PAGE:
Israel has a powerful voice on its behalf in the person of Lela Gilbert, author of Saturday People, Sunday People. A Christian, and an Adjunct Fellow at the Hudson Institute, Mrs. Gilbert moved to Jerusalem, partly to fulfill her fundamentalist father’s dream of returning to the Holy Land.
The title is drawn from an Arab slogan, “First, The Saturday People; Then The Sunday People.” The author regards it as a believable threat to her concept of Israel as an enduring holy site for Christians and Jews.
In this spirited memoir Mrs. Gilbert recounts her visits to homes all over the country, her participation in Jewish holiday celebrations and conversations about Israel’s problems. Not all of it is pastime reading. Basically, the book represents an appeal for support for Jews and Christians against Moslem mistreatment.
A Fellow (researcher) at the conservative Hudson Institute, Mrs. Gilbert is the author of many religiously-oriented books for Protestants and Catholics. Actually, in California, her sons suggested that mom needed a change of pace and scenery. Not surprisingly, in Israel the Podhoretz family, well known for right-wing positions through Commentary Magazine, are among her close friends.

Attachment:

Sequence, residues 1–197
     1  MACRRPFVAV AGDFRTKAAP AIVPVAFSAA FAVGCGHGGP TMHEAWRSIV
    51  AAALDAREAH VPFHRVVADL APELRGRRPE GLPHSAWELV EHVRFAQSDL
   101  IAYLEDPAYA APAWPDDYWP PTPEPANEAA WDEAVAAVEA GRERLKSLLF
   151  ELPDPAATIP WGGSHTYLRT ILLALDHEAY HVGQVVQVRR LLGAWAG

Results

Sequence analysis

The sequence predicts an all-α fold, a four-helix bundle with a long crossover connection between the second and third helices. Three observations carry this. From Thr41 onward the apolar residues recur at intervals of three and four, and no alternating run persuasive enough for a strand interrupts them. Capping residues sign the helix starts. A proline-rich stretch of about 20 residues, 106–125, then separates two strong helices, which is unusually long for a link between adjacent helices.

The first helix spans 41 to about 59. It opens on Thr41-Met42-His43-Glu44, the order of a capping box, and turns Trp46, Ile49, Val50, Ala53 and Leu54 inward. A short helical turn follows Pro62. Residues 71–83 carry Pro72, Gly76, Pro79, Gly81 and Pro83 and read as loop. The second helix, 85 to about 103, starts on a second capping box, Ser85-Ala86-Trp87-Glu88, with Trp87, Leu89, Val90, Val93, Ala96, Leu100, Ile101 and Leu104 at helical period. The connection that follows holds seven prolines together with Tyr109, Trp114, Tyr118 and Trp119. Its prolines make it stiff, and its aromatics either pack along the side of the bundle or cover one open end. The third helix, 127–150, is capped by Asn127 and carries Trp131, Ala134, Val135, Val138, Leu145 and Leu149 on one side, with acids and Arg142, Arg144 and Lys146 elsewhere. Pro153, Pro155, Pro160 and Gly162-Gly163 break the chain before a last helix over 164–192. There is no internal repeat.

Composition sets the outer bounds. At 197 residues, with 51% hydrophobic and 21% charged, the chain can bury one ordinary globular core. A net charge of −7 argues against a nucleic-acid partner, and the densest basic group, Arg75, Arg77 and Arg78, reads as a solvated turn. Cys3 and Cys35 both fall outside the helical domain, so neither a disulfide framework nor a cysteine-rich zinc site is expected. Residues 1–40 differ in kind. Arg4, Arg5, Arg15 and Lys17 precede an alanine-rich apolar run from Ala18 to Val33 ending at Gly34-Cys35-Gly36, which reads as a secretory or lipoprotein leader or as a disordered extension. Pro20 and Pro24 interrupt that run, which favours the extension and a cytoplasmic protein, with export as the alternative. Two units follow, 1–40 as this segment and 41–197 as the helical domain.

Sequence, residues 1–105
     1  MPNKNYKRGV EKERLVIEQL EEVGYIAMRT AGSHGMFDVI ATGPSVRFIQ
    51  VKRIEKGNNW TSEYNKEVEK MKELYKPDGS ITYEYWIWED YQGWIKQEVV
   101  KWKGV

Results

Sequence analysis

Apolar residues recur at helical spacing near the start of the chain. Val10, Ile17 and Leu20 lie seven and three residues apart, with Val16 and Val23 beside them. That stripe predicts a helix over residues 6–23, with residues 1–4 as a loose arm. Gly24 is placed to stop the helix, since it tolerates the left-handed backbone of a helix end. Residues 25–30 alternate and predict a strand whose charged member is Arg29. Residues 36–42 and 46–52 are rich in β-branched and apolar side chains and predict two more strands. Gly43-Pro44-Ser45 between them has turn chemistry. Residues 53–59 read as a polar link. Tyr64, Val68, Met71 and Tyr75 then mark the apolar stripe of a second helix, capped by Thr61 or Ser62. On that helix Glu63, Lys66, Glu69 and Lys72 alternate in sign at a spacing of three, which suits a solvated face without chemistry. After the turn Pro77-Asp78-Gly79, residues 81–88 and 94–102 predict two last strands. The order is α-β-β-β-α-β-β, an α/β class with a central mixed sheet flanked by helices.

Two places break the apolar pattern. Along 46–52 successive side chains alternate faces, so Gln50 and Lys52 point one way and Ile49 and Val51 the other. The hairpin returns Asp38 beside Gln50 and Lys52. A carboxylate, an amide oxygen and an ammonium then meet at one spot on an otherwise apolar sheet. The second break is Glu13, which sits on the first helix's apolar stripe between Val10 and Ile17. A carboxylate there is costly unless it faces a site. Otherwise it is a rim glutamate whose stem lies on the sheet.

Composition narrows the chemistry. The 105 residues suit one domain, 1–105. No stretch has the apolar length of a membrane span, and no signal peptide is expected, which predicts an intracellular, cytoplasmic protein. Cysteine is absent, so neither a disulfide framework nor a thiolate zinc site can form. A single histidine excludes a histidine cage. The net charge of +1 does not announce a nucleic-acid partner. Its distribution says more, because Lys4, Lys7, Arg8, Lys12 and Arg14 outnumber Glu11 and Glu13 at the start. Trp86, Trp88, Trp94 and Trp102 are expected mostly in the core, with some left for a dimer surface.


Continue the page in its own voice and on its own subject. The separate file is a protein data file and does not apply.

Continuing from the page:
The second part of the book consists of material about the attempts of Moslems to expel Jews and “Crusaders” from their Near Eastern lands in the past. Mrs. Gilbert has a non-academic, rather disorderly approach. In this mixed bag the reader will find history, engaging personal life stories, reminiscences about seders, and denunciations of Moslem cruelty.
Mrs. Gilbert’s huge right-wing Christian following will surely welcome this book. As to Jewish readers, its strong negative tone in regard to Moslems will probably discourage sales from groups and synagogues with a more hopeful accept-all-faiths philosophy. Acknowledgements, Contents, Epilogue, For Further Reading, Prologue.